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Pound / Euro Exchange Rate Going Higher this Spring say Credit Suisse as Political Risk-Reward Looks Favourable

- Conservatives could do better than expected at local elections

- For Sterling, political risk/reward ratio is favourable

- Bank of England, Brexit narrative to support British Pound

Politics could go the Pound's way

© Lee Goddard / Number 10 Downing Street

The British Pound buys 1.1469 Euros on the inter-bank market at the time of writing, this is more-or-less similar to the buying power seen at the same time yesterday, the week's current high is at 1.1476 which also represents the March high.

But, a stronger Pound could lie ahead we are told and this spring could see Pound Sterling rise and challenge its highest levels against the Euro since the Brexit vote of 2016, according to strategists at investment bank Credit Suisse

Analysts are confident enough in this scenario unfolding to make selling EUR/GBP a 'top trade' for the second quarter of 2018. Betting on a rise in Pound Sterling earns 'top trade' status thanks to a favourable alignment of Brexit-related news and supportive UK economic fundamentals.

“The rationale for the view is that the recent Brexit agreement with the EU has significantly undermined the likelihood of a “no deal” outcome, and is supported by a hawkish BOE and still inexpensive GBP valuation,” says Nimrod Mevorach, a currency strategist with Credit Suisse.

With British and European Union negotiators striking an agreement to preserve the status quo for 21 months after the UK is due to leave the EU in March 2019, markets have become more sanguine about the perceived risks of Britain’s departure from the block. This means that even if the final “deal” were not a favourable one for the UK, the day of reckoning anticipated by many pundits has effectively been kicked into the long grass.

Against this backdrop of more benign political risk, the Bank of England has grown more intolerant of above-target inflation and fearful of the boost that rising wages might deliver to the consumer price index. It said back in February that it will raise interest rates faster than it previously suggested if consumer price pressures evolve in line with the Bank’s latest set of forecasts.

“As for policy, inflation dynamics in the UK appear to be on an idiosyncratic path relative the rest of G10, which suggests the BOE might be less likely to ditch its hawkish bias than other central banks if risk appetite deteriorates further at the global level,” Mevorach adds.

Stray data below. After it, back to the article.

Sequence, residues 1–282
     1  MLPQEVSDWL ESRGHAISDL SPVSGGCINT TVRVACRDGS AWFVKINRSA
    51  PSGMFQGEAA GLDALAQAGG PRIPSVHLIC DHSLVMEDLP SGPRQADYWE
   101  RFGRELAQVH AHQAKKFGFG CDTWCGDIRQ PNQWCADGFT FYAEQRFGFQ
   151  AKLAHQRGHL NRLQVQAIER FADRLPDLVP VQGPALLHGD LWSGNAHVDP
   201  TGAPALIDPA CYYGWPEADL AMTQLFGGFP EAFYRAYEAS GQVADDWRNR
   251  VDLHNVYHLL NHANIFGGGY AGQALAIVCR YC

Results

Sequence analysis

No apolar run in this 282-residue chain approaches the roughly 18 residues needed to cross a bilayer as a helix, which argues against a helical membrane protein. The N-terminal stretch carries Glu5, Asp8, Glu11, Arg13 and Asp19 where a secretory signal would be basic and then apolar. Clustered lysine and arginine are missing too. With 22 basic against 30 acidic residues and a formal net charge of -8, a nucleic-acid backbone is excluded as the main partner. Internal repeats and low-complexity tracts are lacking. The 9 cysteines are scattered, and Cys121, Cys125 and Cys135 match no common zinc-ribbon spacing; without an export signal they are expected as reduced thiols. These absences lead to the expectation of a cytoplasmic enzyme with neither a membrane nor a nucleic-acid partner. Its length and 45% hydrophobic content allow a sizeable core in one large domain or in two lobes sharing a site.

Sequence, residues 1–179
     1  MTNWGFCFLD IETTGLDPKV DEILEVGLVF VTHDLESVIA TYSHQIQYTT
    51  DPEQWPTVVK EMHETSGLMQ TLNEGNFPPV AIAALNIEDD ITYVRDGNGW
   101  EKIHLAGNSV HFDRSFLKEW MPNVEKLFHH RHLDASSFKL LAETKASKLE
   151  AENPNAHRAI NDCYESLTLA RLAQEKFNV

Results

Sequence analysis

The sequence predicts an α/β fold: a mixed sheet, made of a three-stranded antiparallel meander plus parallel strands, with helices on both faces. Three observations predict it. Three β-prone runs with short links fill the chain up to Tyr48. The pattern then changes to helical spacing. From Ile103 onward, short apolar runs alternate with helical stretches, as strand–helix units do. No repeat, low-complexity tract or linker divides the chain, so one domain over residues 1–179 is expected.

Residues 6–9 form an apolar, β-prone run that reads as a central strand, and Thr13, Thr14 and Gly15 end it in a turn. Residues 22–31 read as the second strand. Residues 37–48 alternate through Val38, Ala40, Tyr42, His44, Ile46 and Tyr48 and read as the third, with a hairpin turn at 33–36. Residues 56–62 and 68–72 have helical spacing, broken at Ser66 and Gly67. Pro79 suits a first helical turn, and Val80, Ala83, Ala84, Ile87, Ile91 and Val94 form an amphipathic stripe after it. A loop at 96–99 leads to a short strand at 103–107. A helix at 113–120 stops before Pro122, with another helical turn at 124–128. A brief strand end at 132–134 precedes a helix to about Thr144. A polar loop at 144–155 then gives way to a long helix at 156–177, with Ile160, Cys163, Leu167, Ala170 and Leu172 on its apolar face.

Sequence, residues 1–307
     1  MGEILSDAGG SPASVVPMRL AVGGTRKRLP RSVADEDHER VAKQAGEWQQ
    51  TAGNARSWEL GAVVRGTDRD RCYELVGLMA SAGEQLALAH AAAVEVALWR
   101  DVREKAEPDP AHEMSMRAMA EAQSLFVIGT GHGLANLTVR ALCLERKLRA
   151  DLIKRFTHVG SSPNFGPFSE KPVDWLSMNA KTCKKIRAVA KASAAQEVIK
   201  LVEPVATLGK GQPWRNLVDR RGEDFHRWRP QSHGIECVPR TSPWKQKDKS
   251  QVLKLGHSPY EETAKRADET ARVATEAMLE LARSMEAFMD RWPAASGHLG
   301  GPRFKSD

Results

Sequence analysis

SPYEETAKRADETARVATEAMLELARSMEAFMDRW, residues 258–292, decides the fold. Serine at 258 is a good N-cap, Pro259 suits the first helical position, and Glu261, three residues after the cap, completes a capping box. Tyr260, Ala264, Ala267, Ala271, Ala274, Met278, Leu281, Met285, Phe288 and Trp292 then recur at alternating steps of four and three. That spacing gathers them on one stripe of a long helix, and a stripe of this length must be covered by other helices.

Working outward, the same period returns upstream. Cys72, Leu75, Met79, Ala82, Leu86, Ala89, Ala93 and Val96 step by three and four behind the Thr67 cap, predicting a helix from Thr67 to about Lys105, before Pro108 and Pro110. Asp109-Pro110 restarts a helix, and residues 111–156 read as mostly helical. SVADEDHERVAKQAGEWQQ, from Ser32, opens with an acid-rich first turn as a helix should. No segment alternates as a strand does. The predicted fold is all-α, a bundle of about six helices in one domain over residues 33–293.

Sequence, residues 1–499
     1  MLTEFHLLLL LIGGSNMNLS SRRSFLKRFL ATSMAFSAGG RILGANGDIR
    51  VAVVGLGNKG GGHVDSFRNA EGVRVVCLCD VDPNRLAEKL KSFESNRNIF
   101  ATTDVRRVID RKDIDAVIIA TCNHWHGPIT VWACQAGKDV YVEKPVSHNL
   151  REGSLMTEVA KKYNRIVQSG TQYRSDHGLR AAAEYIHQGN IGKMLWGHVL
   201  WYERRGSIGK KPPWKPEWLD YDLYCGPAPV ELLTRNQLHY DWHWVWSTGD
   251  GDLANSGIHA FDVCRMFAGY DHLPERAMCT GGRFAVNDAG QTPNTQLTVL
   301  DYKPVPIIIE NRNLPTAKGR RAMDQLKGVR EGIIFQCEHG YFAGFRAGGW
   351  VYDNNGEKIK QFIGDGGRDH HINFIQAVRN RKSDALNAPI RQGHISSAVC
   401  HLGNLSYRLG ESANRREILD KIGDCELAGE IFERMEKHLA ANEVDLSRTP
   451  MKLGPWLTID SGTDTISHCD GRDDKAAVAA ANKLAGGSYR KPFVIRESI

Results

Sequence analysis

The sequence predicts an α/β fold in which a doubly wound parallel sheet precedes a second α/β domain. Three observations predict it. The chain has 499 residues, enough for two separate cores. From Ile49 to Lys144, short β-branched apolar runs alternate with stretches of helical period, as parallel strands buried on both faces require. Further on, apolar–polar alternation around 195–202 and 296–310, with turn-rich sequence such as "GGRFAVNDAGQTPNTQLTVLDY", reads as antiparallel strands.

UK inflation recently fell from 3% to 2.7% but the BoE predicts it will remain above the 2% target until at least the end of the first quarter 2021, which means it is unlikely to be deterred from raising rates again over the coming months. As is always the case, rising interest rates are a powerful lure for international investors and short term speculators who would have to buy the Pound in order to benefit from improving returns on UK assets.

Pricing in interest rate derivatives markets, which enable investors to protect themselves against changes in interest rates while providing insights into expectations for monetary policy, implies a May 10 Bank Rate of 0.63% which suggests a greater than 50% probability of another rate hike next month. Any change in this implied probability between over the next six weeks will have an impact on Sterling.

In addition, if markets were to become more confident about betting on a second possible interest rate rise toward the end of the year, then the Pound could experience a significant boost. Ultimately, whether this happens or not will depend on the BoE’s tone and guidance after its next meeting in May.

 

Political Risk-Reward is Right

And politics could go the way of the Pound.

“Local elections in May are likely to play a key role: with Labour outperforming in last year’s national vote and in recent polls, the risk/reward of positioning for a Tory upset is attractive in our view, especially now that the deal with the EU has drastically reduced the tail risk associated with the 'hard Brexit' Tories,” Mevorach adds.

With local government elections barely a month away and the UK government still badly damaged by policy missteps and its disastrous call for a snap election in June 2017, fears are that the fortunes of the opposition Labour Party are on the up.

The party has vied with the government for first place in opinion polls throughout much of the last year, although its openly socialist and communist-sympathising leader is viewed as an economic risk by markets so a Labour success in the May elections may well be an upset for the Pound.

“We think the implications of risk are rather limited as a strong vote for Labour might force Tories further away from aggressive Brexit proposals rather than towards them, and the distant timing of the next general elections (scheduled for 2022) should ensure a less than panicked response,” Mevorach counters, playing down the immediate risks to the Pound from a Labour victory next month.

Mevorach and the Credit Suisse team have recommended that clients sell the EUR/GBP exchange rate at around 0.8730, which is the same thing as betting on a rise in the Pound-to-Euro exchange rate from its current level of 1.1449.

They have called this idea one of their “top trades” for the Spring and are targeting a move down to 0.8400 for the EUR/GBP rate, which implies the Pound-to-Euro rate may rise as high as 1.1904 during the months ahead.

This would be close to the highest level seen by Sterling relative to the Euro since the Brexit vote of June 2016.

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